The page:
The thick, sparkling ring on his right hand and the diamond-studded watch around his left wrist were indications of just how much life has changed for Andy Ruiz Jr. since he became world heavyweight champion.
It was another part of his attire that really stood out, however, when the portly Mexican came face to face with Anthony Joshua for one of the last times before their title rematch in Saudi Arabia on Saturday.
For the final news conference ahead of the fight, Ruiz chose to wear a New York Knicks jersey — yet another reminder to Joshua of that fateful night at Madison Square Garden in June when he lost his three heavyweight belts in one of boxing’s biggest shocks in years.
“That’s where I got the first victory on June 1 and that’s why I brought it,” Ruiz said, referring to his jersey. “I wore it to remind myself, ‘I’m the champ.’”
And Ruiz has really made the most of his new status over the last five months. One of his first acts was to buy a car for his mother, Felicitas, and he also showed off his lavish new home in California, replete with its fountain and pool, on his social media accounts. He had an audience with Mexico’s president, Andres Manuel Lopez Obrador, and threw the ceremonial first pitch at a Los Angeles Dodgers game.
Basically doing things he could never have imagined when he used to mix cement for his father, Andres, as a youngster and, as recently as 2017, went a whole year without even fighting following a loss to Joseph Parker in his only previous world title bout. He was disregarded as a potential champion then, mocked for his flabby frame even though his fast hands and skills pointed to a boxer with talent.
Ruiz is at pains to point out, though, that he is simply enjoying his life and not taking his eye off the ball — something Joshua says he did before the first fight.
“There’s no way I’m going to let these belts go,” Ruiz said, looking at the WBO, WBA and IBF straps in front of him. “I’m going to die trying. It’s been a roller coaster but now I’ve finally made it all this way, there’s no way I’m going to let them go.”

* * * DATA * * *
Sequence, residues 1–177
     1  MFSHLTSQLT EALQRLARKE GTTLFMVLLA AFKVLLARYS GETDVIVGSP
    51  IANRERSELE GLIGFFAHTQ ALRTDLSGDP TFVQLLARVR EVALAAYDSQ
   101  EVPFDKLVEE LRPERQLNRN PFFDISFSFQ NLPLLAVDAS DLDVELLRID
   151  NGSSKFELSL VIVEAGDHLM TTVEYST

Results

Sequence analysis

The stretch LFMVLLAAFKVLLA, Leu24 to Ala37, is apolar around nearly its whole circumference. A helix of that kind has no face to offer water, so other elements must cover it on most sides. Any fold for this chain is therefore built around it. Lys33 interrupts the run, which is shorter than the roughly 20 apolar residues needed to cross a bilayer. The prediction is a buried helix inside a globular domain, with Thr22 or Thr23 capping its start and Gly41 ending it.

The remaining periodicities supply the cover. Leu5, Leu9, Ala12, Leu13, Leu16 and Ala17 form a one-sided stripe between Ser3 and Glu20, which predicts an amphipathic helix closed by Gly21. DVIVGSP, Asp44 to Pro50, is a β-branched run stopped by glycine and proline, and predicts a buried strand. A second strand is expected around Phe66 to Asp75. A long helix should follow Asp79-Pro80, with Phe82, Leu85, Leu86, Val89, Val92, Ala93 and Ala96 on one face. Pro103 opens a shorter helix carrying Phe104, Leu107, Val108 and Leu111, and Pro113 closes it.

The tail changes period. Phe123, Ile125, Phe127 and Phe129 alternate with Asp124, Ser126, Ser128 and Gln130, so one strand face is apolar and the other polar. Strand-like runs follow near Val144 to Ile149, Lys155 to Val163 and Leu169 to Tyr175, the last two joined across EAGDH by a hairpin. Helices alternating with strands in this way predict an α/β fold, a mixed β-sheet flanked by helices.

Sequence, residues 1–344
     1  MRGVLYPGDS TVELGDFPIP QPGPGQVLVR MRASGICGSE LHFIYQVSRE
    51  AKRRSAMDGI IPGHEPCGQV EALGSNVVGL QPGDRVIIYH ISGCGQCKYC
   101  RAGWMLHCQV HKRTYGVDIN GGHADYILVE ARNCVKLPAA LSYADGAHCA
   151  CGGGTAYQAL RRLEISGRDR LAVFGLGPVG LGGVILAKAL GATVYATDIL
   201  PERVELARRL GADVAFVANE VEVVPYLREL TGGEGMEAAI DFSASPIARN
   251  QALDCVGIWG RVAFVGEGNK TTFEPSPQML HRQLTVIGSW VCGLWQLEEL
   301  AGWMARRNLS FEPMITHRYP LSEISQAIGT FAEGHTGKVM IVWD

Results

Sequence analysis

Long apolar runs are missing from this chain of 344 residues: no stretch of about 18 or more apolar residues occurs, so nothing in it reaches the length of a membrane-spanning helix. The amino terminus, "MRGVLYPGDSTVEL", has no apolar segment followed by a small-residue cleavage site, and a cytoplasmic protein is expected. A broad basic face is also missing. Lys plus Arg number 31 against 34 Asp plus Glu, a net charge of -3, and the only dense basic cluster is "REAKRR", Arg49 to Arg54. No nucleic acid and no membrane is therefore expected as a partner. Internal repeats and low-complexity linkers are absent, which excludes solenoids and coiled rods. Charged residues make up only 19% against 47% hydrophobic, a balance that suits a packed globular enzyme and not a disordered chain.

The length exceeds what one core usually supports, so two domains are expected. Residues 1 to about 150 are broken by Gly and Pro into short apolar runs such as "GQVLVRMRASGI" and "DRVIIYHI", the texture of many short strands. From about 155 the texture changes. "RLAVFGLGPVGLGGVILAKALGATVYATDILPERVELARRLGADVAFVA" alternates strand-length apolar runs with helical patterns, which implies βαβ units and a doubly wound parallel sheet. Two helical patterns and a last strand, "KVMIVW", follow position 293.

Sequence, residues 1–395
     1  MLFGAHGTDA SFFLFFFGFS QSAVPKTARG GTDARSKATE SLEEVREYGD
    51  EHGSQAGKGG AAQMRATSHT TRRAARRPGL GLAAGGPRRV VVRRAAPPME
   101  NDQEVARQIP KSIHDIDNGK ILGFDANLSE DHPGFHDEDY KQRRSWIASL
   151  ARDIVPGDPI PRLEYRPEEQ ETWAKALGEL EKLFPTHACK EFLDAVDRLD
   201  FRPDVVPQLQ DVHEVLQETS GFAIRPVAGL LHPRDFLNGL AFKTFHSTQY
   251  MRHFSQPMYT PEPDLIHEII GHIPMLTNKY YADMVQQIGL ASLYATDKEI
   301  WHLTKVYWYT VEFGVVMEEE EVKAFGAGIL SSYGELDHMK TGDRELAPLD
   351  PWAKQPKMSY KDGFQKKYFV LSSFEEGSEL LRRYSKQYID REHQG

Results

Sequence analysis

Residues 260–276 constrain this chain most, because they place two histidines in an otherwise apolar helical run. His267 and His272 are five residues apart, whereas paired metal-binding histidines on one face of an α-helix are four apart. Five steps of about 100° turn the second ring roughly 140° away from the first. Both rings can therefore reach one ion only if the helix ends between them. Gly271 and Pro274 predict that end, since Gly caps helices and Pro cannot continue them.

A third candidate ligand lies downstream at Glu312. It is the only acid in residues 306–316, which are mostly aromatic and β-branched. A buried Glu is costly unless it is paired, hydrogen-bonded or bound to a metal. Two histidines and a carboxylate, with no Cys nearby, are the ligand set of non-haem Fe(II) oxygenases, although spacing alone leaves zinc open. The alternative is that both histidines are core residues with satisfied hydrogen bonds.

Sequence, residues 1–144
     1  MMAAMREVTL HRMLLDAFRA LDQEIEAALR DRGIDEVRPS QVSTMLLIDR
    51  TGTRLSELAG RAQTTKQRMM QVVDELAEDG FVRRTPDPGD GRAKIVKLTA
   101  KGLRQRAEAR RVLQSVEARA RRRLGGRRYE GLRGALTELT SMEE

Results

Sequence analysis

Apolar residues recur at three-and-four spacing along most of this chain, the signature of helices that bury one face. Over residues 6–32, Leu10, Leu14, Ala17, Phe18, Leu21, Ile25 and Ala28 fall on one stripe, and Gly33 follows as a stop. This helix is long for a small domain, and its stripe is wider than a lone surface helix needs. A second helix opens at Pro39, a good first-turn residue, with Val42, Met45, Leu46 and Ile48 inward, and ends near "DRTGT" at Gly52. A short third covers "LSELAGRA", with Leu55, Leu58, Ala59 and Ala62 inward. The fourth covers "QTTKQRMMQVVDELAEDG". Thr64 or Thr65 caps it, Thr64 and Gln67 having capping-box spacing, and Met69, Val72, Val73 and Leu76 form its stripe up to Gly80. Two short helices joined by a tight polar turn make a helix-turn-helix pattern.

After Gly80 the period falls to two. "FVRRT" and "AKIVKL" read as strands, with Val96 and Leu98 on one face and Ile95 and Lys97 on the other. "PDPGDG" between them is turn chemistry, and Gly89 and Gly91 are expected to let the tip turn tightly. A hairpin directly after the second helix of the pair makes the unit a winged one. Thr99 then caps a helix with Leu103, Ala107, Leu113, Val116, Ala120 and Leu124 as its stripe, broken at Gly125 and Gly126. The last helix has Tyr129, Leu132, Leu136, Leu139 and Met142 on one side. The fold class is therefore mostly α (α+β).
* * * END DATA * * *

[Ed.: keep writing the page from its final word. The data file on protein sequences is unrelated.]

Ruiz knows he will be up against a different Joshua this time around. A more focused and determined Joshua, who knows he is suddenly fighting to rescue his career after being knocked down four times before the seventh-round stoppage in New York.
The first ever heavyweight title fight in the Middle East, somewhat controversially arranged amid concerns over Saudi Arabia’s human-rights record, has been called the “Clash on the Dunes.” As for Joshua, he’s labeling it “Back to 16” — a reference to his 16th professional fight when he became world champion for the first time.
He says he is likely to weigh in on Friday at about 238 pounds (108 kilograms), which would be the lightest he has fought since 2014, and has been concentrating on sparring and the “sweet science of the sport” instead of bulking up and doing weights.
He has even grown his hair into an Afro, as if he was boxing “in the ‘70s.”
“I’m punching like a horse kicking back right now … loose and heavy, rhythm and flow,” said Joshua, adding that he “didn’t lose heart or any fire in my belly” after getting beaten by Ruiz for the first loss of his professional career.
“There’s no fear in my heart, no fear in my mind,” he said. “I was asked if this would be a special moment (to regain his belts). I said, ‘No.’ I know I belong there. It’s not special. When I regain those belts, I’m probably just going to keep cool and stay focused. It’s not a time to celebrate.”
The fight will take place in the Diriyah Arena, a purpose-built venue with a capacity of 15,000 spectators that has been built in six weeks and will be taken down within two days of the bout.
No stranger to hyperbole, Joshua’s ambitious promoter, Eddie Hearn, is comparing the occasion to the “Rumble in the Jungle” and the “Thrilla in Manila” — two famous heavyweight fights from the 1970s which were held in unlikely global locations. And he is calling it a “new dawn for the sport of boxing,” predicting many more high-profile fights in this part of the world. With Joshua earning as much as a reported $70 million and Ruiz reportedly $10 million, the attraction for fighters is obvious.
Joshua isn't sure what type of atmosphere he'll be fighting in, although it is unlikely to be anything like the raucous occasions he is used to in Britain. Not that he cares, given the precarious situation his career is in.
“I’m not here to put on a show,” Joshua said, sounding all business. “I’m here to win.”
Ruiz, reveling in his status as the first fighter of Mexican descent to win a heavyweight title, has no intention of letting that happen.
“I know AJ’s going to come with a different game plan, I know he is prepared and motivated,” he said. “That’s what gives me the motivation, the edge to be more cautious. I know he lost weight, is going to try to box me around. It's my job to prevent that. I'm ready for whatever comes my way.”